Buying property in Sri Lanka

The process from start to finish

The buying process itself is not very different from many other countries. The most important thing is to engage an independent lawyer or notary you can trust.

Buying property in Sri Lanka

As in almost every other country the buying process cannot be completed without a lawyer or notary. If you are planing to buy property you should choose one you can trust and who speaks English, as well as the native language of the seller, in order to avoid communication problems or problems with the contract.

Finding property can be quite hard since people from Sri Lanka often do not advertise what they sell. They want to avoid everybody knowing they may come into a lot of money soon. This means you will most of the time need an estate agent. Real estate agents in Sri Lanka are not licenced so check their reputation and talk to other expats or locals who have experience in buying property. Sometimes they charge commission from both sides: buyer and seller. Try to negotiate and agree on a commission before you sign anything.

Negotiating the price and legal checks

Having found the house or property of your dreams you should make an offer to the seller or negotiate the price. Be prepared for a lot of bargaining. Sri Lankans often raise the price tremendously when selling to a foreigner.

Your lawyer will check the deeds and the plan of property at the Land Registry to ensure that the seller is the only and legal owner. Further checks should be made for eventual debts or leasing agreements. 

If there are some ambiguities and you still want to buy it, you should buy a title insurance to protect you from any future claims to the land. Usually the ownership should be clear though (and it may not be the best plan to buy it if there are doubts).

Signing the contract

If both parties agree on a price, the lawyer sets up a contract that seller and buyer have to sign. In the case that there are more owners each of them has to sign the contract. You usually pay a deposit of 10% of the whole price afterwards if you can’t pay all at once. Having signed the contract you need to pay a service tax to the local authority. It is about Rs400 - Rs5,000 (€2 - €30) and has to be paid every year.

After that, the seller needs to get a building and street line certificate from the municipality as well as a non-vesting and ownership proof. He also needs tax receipts for proof of payment of rates and taxes for the last quarter as well as the certificate of conformity in respect of the building.

Then the seller has to request an updated survey plan that has to be attached when applying for the registration later.

After finishing the deed of transfer, the stamp duty (around 3% - 4%) has to be paid at a nominated bank within seven days in favour of the responsible Provincial Council.

Finally the lawyer/ notary has to register the deed at the Land Registry and the new owner at the municipality. You receive a certificate of ownership. No deal is closed and legal until the new owner is registered.

As in almost every other country the buying process cannot be completed without a lawyer or notary. If you are planing to buy property you should choose one you can trust and who speaks English, as well as the native language of the seller, in order to avoid communication problems or problems with the contract.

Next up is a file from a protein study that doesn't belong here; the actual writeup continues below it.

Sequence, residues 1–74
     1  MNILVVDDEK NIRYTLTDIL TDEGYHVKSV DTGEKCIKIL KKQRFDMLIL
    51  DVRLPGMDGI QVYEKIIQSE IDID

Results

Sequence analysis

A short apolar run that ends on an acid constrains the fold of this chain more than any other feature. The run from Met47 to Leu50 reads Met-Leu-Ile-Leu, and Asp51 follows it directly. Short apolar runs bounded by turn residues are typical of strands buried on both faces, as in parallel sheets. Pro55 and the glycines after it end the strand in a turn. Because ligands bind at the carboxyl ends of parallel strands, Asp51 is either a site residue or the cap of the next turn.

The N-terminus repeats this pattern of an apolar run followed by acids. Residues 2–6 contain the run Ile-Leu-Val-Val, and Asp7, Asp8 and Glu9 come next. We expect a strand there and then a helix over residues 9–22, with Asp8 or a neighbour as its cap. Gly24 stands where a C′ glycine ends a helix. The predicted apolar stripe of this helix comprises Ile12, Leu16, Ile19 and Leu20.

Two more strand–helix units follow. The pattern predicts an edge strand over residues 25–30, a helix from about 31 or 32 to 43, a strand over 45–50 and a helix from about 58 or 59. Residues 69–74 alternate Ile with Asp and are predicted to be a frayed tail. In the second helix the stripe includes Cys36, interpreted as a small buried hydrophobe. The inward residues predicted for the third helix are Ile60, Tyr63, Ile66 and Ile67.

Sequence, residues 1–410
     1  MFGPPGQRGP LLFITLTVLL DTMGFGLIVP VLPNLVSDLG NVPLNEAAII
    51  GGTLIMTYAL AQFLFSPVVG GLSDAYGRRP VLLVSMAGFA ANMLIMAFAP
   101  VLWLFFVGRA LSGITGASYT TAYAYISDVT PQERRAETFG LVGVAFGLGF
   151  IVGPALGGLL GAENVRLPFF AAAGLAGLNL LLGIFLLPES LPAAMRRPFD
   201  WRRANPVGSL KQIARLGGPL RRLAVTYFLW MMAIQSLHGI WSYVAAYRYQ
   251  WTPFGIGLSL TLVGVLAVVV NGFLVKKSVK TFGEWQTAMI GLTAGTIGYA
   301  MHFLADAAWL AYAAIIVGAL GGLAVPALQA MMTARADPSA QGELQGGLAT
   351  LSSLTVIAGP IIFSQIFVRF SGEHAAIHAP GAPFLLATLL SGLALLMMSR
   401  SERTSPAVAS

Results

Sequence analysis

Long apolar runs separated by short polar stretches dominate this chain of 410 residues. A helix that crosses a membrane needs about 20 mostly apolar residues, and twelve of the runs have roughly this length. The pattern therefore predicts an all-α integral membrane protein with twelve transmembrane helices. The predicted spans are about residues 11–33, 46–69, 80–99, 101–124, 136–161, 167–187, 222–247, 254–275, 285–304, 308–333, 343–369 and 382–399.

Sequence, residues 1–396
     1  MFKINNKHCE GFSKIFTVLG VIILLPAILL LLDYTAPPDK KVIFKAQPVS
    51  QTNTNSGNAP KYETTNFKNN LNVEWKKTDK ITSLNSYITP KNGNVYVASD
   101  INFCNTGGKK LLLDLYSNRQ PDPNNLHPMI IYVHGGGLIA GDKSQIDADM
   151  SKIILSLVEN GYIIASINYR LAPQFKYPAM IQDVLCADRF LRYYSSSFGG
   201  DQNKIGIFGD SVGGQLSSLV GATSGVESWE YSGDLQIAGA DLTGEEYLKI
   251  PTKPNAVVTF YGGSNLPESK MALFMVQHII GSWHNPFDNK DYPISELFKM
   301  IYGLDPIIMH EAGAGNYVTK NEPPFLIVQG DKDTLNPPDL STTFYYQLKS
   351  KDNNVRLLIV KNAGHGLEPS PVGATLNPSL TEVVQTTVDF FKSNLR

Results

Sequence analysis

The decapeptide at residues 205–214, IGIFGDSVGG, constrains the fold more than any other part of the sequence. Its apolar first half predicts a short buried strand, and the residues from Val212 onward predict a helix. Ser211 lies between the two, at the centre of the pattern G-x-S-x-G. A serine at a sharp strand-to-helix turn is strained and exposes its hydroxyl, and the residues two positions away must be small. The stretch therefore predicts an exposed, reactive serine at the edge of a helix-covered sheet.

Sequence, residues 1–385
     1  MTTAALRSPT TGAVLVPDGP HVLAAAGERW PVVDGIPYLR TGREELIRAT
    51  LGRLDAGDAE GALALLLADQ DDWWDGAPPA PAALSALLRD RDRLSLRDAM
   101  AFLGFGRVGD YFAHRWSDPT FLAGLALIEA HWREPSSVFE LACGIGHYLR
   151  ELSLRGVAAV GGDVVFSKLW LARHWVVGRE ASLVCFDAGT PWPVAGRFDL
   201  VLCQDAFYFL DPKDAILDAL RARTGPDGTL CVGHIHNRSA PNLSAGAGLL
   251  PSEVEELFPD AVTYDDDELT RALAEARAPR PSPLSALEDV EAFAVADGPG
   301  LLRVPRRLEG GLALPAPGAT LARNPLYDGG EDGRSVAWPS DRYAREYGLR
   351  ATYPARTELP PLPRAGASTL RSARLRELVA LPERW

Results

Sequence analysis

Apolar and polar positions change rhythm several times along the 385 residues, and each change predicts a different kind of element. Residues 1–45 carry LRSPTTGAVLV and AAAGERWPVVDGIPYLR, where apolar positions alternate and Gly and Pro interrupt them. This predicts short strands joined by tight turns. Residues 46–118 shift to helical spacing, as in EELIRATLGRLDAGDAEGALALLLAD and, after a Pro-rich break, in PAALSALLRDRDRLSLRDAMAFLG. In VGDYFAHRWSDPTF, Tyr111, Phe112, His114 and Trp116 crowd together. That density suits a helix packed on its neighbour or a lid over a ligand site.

Finding property can be quite hard since people from Sri Lanka often do not advertise what they sell. They want to avoid everybody knowing they may come into a lot of money soon. This means you will most of the time need an estate agent. Real estate agents in Sri Lanka are not licenced so check their reputation and talk to other expats or locals who have experience in buying property. Sometimes they charge commission from both sides: buyer and seller. Try to negotiate and agree on a commission before you sign anything.

Negotiating the price and legal checks

Having found the house or property of your dreams you should make an offer to the seller or negotiate the price. Be prepared for a lot of bargaining. Sri Lankans often raise the price tremendously when selling to a foreigner.

Your lawyer will check the deeds and the plan of property at the Land Registry to ensure that the seller is the only and legal owner. Further checks should be made for eventual debts or leasing agreements. 

If there are some ambiguities and you still want to buy it, you should buy a title insurance to protect you from any future claims to the land. Usually the ownership should be clear though (and it may not be the best plan to buy it if there are doubts).

Signing the contract

If both parties agree on a price, the lawyer sets up a contract that seller and buyer have to sign. In the case that there are more owners each of them has to sign the contract. You usually pay a deposit of 10% of the whole price afterwards if you can’t pay all at once. Having signed the contract you need to pay a service tax to the local authority. It is about Rs400 - Rs5,000 (€2 - €30) and has to be paid every year.

After that, the seller needs to get a building and street line certificate from the municipality as well as a non-vesting and ownership proof. He also needs tax receipts for proof of payment of rates and taxes for the last quarter as well as the certificate of conformity in respect of the building.

Then the seller has to request an updated survey plan that has to be attached when applying for the registration later.

After finishing the deed of transfer, the stamp duty (around 3% - 4%) has to be paid at a nominated bank within seven days in favour of the responsible Provincial Council.

Finally the lawyer/ notary has to register the deed at the Land Registry and the new owner at the municipality. You receive a certificate of ownership. No deal is closed and legal until the new owner is registered.

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